Fake, Forgery and Fraud, all F words, deeply concern the present art world that prides on originality and authenticity. Which is flooded with copies of other artists, made by those who failed to survive on their creations; and sought a career out of replicating canvases which bear the name and resemblance of well known, well established and well respected names in the world of art, particularly the art market.


To forge an object is not limited to the realm of art only as valuable documents, currency notes, designers’ clothes and fashion accessories are prepared which imitate the originals. But to produce a likeness without an exact original is different from reproducing an already existing item. The former deceives a viewer yet also deals with imagining a new visual (in the style of an artist) while the latter, clearly a criminal act, is purely based upon showing one’s craft and skill in emulating a previous example.


Besides the ethical issues, copies have been made and sold since centuries, and collectors bought these – often paying the price of original. However in our age of mechanical reproduction and the environment of virtual experience, the notions of fake and forgery have gone through certain modification. If a work of art is created using a digital medium on an Internet site, it can be reproduced in numerous numbers, hence diminishing boundaries between original and a copy. In fact today’s practices remind of a basic concept: it is the idea that bestows the status of originality and authenticity rather than the physical fabrication.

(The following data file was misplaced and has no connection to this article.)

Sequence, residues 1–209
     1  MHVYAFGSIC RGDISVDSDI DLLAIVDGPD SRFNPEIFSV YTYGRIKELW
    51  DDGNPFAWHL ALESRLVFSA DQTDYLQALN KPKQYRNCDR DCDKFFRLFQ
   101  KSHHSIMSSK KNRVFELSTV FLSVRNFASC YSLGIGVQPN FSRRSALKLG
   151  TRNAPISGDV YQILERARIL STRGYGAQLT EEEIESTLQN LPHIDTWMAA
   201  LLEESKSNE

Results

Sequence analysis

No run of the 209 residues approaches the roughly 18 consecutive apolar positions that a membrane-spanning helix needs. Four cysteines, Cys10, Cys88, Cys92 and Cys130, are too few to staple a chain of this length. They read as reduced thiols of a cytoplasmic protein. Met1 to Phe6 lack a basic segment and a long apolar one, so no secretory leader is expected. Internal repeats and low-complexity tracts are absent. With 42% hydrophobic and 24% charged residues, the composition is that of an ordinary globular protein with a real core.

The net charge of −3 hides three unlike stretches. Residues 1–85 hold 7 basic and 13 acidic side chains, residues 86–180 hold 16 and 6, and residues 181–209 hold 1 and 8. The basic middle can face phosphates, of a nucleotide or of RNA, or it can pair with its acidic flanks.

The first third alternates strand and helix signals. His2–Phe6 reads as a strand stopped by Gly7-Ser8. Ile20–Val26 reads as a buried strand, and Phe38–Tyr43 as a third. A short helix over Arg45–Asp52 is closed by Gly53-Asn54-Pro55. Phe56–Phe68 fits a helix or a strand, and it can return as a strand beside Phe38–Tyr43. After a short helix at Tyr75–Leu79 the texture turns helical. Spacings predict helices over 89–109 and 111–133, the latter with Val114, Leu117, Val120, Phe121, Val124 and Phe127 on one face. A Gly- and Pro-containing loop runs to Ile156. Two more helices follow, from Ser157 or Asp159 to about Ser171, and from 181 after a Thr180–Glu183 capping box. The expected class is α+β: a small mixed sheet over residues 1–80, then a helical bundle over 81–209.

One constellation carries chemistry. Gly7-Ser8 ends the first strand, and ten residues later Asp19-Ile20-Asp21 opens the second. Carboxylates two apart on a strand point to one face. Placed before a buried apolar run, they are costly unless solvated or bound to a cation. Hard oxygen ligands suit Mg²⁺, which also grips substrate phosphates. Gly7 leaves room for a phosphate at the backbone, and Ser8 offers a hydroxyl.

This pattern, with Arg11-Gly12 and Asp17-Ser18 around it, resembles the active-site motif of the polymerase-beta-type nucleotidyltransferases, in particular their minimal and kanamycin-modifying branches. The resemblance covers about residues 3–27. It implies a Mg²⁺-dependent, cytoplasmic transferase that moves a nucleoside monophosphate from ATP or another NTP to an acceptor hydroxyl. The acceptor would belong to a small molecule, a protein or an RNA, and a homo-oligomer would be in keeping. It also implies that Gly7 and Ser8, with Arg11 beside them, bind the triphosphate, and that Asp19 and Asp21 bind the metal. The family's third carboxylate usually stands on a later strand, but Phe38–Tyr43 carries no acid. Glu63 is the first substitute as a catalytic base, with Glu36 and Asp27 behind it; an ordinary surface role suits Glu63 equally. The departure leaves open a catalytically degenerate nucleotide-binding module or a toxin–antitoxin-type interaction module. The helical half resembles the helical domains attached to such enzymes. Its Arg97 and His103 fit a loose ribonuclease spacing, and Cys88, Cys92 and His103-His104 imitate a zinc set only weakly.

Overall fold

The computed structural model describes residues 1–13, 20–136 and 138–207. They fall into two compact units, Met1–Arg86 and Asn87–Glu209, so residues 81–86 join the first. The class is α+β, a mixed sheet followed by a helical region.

The present age liberated everyone from the burden of originality, yet for many it is still important to differentiate real from reproduction. The current issue of Art Now Pakistan addresses the theme of forgery while presenting multiple views and points of view on this question, both in essays and through the photo-essay. It also includes profiles and interviews of two personalities, who are recognized for their original voices in the contemporary art of Pakistan. Reviews of exhibitions, from Pakistan and other parts of the world help towards understanding current art practices, which exist beyond the contention of original and fake. Book review of Akbar Naqvi’s monograph on Shahid Rassam investigates the question and quest for individual and independent vocabulary, since the subject of the book, has produced works in multiple styles.


Once during a party a painter from Karachi after many glasses started to confess about his life and work. Sharing his frustration with a fellow artist, he admitted: No one buys my work. Everybody is collecting Allah Bux, A. R. Chughtai and Sadequain, not knowing that those are also made by me!




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